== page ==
Higher education is under more pressure then ever to prove its value and measure the learning gain of its students. LITE Teaching Enhancement Project Leaders, Karen Llewellyn and Caroline Campbell, write here about how their project explores the benefits students get from their time at university.
The Leeds Curriculum is a unique approach to preparing students for an ever-changing world through enquiry, discovery and achievement.
With HEFCE’s focus on learning gain, our evaluation of Broadening as part of the University of Leeds‘s curriculum framework seems timely as a step towards analysing how students benefit from higher education.
Evaluating the journey
Broadening is the aspect of the Leeds Curriculum which enables students to widen their personal and professional horizons through exciting curricular opportunities, most notably ‘discovery modules’ which allow pathways of study outside the student’s core discipline.
Co-created by two staff and three undergraduates, our project aims to evaluate Broadening in general – and the value of learning new languages in particular through our language discovery modules – by interviewing students and also importantly employers, for their perspectives.
We have adopted a developmental evaluation approach and we are using inductive analysis as our research methodology.
As we continue to conduct the interviews, we’ve started to analyse the data and themes are beginning to emerge. For example, early findings suggest that students recognise both the intrinsic and extrinsic value of Broadening and language learning
Developing a love of languages, for example, students who seize the opportunity to learn a new language in their first year, then a different language in subsequent years, are able to immerse themselves in the culture of each new language.
One third year student, about her module, stated:
It gave me an insight into a different country, culture, history and language…and I can understand people from different cultures and different backgrounds
Students who have taken language discovery modules tend to apply for summer school or a year abroad illustrating the increased confidence to apply their language learning further.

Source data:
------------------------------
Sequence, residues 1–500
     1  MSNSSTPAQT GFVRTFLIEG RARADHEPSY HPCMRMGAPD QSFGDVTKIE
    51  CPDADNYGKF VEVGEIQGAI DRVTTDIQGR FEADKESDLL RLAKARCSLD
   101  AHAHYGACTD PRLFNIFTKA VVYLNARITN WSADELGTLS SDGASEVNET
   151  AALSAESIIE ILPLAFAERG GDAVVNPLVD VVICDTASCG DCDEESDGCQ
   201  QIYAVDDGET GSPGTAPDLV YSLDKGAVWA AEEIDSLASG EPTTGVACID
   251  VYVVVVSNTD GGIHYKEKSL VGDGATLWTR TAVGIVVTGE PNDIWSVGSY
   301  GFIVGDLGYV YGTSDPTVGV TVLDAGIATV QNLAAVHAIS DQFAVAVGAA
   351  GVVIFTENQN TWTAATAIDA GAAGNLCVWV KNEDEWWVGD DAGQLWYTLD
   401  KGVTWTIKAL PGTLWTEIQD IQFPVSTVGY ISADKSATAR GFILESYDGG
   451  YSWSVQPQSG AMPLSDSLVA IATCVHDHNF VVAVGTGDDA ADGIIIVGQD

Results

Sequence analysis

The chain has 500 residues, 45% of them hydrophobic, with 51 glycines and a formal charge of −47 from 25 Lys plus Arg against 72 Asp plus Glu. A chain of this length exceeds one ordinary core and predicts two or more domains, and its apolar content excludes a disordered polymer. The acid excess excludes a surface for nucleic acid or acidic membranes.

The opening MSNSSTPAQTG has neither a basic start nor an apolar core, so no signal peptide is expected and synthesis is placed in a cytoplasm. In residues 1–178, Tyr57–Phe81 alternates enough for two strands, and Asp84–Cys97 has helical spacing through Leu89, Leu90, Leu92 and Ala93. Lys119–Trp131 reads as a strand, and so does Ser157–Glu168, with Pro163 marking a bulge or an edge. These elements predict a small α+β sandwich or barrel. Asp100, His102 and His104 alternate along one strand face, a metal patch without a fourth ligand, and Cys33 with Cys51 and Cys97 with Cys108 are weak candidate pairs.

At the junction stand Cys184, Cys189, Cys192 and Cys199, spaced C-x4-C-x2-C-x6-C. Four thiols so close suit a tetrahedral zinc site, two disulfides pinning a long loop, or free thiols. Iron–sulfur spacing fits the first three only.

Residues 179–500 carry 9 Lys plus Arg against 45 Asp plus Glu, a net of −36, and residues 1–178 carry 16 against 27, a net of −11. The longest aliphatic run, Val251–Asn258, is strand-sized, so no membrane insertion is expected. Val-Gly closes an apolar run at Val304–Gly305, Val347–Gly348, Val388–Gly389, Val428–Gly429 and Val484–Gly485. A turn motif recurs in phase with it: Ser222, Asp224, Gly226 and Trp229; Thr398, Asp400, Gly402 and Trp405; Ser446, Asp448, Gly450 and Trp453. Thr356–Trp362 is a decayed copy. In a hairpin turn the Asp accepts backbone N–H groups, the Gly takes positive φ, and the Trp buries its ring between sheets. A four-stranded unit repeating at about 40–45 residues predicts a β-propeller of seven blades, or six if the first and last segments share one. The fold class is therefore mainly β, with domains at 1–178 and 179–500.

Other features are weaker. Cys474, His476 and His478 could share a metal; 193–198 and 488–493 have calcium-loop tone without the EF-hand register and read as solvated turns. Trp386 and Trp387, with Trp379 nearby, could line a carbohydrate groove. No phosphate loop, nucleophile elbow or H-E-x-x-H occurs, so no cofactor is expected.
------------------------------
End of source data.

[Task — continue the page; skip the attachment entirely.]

They also see the extrinsic value of having language skills to make strategic choices in their career destinations.
So far in the analysis, employers recognise the value of Broadening as they look for graduates who, amongst a range of attributes, are able to demonstrate a wider knowledge and skill set beyond their core discipline.
Good examples include prior work experience and volunteering, alongside developing attributes such as emotional intelligence, integral to creating their own individual ‘brand’ and key to the complex challenges of the workplace.
In addition, acquiring new languages is desirable, where linguistic skills are perceived as an asset, for example in communication, though not essential to the organisations we interviewed.
The project has been carried out collaboratively with three undergraduate researchers, Akeisha, Chandni and Robert.
In a joint statement, they said:
“Apart from our keen interest in the findings, we’ve developed a variety of knowledge and skills as an evaluation team and have experienced the benefits of co-creation on our collaborative project.
“These include researching the relevant literature and learning how to gather and analyse interview data, and experiencing project management first-hand.
“These are all skills which we will draw on when executing our final year projects.
We have also upskilled in the area of co-creation – the absence of any hierarchy means that together we have planned how the project will be delivered and we share the responsibility of delivering the outcomes, whether that’s giving a presentation or producing the final report.
“We have even been asked to mentor UG research students on another LITE project.
“This opportunity will prove invaluable to our future. Not only is it preparing us with an excellent set of transferable skills but we are also really enjoying working together.
“The project will have been a significant part of our experience at Leeds.”